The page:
Town Official Lies, Files Lawsuit When Someone Calls Him a Liar

Mount Pleasant, Wisconsin is still struggling with the consequences of 2017’s Foxconn Deal. Scott Walker, the former Governor of Wisconsin promised $3 billion to Taiwan’s tech company in return for Mount Pleasant’s construction of a factory. He also claimed that it would create 13,000 jobs.

Four years later the factory was not nearly complete and there were only 1,400 job opportunities. While the majority of subsidies were canceled by the state, the Mount Pleasant Village Board was authorized to bulldoze dozens more homes. It also had the authority to use eminent jurisdiction to designate over 4 miles of land “blighted” in order to facilitate the acquisition of private property. In addition, it took on hundreds and millions of dollars in debt which led to the town losing its credit rating.

Residents had harsh words to say about city government when the same members of the board voted to increase their terms from two to three years after jeopardizing town’s future. One of the board members is now being sued.

Kelly Gallaher, a community activist and leader of A Better Mt. Pleasant (ABMP). She began her activism almost a decade ago when the board attempted to eliminate public comments at meetings. Gallaher started a petition to get the word out about board’s decision to increase its term by 50%. She collected enough signatures in just two weeks to put the matter up for a public vote.

Chris Smith, the Village Attorney tried to sell the extension to the public. Racine Journal Times The idea wasn’t new and the village board had already discussed it as early as 2018. Gallaher regularly watches board meetings and was aware that this topic had not been discussed in the past. Smith was able to email Smith and he confirmed that the matter was not addressed publicly until April 2021. This meeting was also recorded without audio or video. Gallaher wrote a false email about the interview to the newspaper on March 3. Smith has lied to your satisfaction.” Smith lied to you.” She posted another Facebook post on the ABMP page, “The Village Attorney lied about The Journal Times’ timeline”.

Smith demanded Gallaher remove the Facebook post that was posted on this day. Otherwise, he would sue. Gallaher took down the Facebook post and replaced it with Smith’s retraction. Gallaher sued Smith anyway, seven days later.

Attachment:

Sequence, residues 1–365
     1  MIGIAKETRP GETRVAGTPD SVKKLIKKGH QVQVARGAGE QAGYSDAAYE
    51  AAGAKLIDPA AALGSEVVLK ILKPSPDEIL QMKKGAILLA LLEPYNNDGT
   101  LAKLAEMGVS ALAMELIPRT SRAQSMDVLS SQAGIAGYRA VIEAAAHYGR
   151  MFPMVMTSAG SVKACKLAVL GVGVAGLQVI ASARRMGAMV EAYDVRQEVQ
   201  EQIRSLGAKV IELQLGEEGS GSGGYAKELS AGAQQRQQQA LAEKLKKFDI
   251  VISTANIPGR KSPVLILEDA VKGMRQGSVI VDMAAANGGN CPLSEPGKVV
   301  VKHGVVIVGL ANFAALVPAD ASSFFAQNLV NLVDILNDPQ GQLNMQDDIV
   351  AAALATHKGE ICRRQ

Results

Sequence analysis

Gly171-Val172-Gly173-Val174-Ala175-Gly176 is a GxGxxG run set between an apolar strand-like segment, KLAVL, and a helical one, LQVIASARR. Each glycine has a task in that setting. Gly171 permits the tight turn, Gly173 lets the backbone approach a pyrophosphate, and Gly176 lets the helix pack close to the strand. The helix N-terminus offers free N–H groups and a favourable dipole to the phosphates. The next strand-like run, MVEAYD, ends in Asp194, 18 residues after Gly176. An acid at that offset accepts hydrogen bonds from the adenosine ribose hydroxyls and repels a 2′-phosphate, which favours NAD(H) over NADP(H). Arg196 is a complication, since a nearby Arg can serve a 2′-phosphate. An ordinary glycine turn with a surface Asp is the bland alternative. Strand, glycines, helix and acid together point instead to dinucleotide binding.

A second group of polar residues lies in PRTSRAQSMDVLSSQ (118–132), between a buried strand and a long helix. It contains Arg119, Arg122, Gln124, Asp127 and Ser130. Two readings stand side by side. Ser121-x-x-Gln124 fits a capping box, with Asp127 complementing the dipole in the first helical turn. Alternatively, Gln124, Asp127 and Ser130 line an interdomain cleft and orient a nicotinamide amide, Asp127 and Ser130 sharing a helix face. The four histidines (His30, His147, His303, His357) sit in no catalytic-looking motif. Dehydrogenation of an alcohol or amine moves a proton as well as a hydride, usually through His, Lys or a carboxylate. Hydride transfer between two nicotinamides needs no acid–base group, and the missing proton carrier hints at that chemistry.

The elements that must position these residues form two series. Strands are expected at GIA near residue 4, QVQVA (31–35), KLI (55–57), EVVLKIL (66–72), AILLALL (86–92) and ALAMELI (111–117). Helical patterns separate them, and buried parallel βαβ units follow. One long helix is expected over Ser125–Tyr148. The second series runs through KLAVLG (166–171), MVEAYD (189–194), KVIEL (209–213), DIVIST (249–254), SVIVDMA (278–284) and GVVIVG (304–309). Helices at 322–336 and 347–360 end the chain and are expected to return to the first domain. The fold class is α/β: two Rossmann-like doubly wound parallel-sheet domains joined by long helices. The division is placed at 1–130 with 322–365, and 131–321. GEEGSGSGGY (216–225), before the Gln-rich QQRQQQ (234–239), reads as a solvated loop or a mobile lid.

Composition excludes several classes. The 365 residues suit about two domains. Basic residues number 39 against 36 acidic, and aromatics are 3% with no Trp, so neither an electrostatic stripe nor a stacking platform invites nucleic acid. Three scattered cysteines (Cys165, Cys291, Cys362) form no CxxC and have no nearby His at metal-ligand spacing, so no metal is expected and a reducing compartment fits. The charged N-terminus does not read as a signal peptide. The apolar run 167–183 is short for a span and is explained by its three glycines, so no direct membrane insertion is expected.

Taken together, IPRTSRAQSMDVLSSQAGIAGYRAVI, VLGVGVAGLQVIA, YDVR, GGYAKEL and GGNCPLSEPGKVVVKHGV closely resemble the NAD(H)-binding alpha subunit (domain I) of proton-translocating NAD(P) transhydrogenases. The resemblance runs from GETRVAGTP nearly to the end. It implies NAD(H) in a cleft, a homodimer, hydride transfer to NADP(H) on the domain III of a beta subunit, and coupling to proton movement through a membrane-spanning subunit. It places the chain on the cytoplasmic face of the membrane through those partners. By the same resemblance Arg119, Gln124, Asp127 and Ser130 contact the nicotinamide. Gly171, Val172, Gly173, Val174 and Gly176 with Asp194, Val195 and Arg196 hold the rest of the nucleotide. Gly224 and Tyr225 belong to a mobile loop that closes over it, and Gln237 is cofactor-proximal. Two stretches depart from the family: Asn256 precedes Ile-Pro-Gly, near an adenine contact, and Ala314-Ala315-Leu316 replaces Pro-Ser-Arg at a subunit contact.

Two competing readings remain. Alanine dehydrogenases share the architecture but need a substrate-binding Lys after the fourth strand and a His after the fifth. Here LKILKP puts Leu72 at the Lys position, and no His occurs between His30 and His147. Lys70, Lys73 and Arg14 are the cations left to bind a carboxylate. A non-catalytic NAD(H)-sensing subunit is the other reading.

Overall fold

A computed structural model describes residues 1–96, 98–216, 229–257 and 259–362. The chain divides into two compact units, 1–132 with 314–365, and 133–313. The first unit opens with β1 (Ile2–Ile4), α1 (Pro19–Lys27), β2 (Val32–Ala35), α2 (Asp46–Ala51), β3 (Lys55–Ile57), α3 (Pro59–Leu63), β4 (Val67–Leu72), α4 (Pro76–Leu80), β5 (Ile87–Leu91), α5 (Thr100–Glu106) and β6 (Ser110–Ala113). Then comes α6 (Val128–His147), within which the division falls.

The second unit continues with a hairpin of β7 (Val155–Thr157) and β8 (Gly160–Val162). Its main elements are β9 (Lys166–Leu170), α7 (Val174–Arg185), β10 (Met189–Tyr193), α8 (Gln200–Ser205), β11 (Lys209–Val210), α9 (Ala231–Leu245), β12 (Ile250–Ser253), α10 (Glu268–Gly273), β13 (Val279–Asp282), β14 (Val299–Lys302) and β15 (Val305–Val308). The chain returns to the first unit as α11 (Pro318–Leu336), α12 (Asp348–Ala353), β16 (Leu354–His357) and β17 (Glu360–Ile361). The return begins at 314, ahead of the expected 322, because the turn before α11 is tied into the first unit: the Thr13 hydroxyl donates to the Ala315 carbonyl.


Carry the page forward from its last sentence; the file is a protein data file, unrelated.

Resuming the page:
Smith claimed Gallaher’s comments caused “emotional distress” in his defamation file. Smith claims her social media and email statements were false and misleading.[ed]To harm the reputation of plaintiff,” she said, and was “consistently and publically portraying” her actions.[s]”Online, Village officials and employees were negatively reacted to by them.” Also, he claimed that even though Gallaher had retract its statement, she had never emailed her retractions to the Journal TimesThis is a further indication that she had been acting “intentionally” and with explicit malice.

The Institute for Justice (IJ), which is a libertarian law firm that represents Gallaher filed a motion for dismissal on Thursday. Smith must show “actual malice” to prove that Gallaher deliberately lied or displayed “reckless disregard” of the truth. This is according to the motion.

But as James Knight, Law & Liberty Fellow at IJ and an attorney on the case, told ReasonThe evidence supports the contrary. She made sure to research the matter thoroughly and allowed him to clarify his misunderstanding if it was. In addition, Gallaher included an entire email thread detailing her conversations with Smith, particularly citing the distinction between Smith’s statements to the paper and Smith’s admission via email that the truth had been different. She also included screenshots of her emails in the same manner.

Knight stated that even if Smith was not public, it would not still be defamation. “What she said is simply an opinion. “What she stated was her interpretation of Smith’s statement.”

The right to critique public officials is one of the fundamental rights Americans enjoy. It is therefore more difficult for public officials to prove defamation when they discuss public issues. IJ has made it clear that Smith is unlikely to prevail against Gallaher in trial. In fact, the lawsuit will probably be dropped before the end of this month. Knight explained that this is not the case. ReasonHis lawsuit wasn’t supposed to be won. She was scared to silence.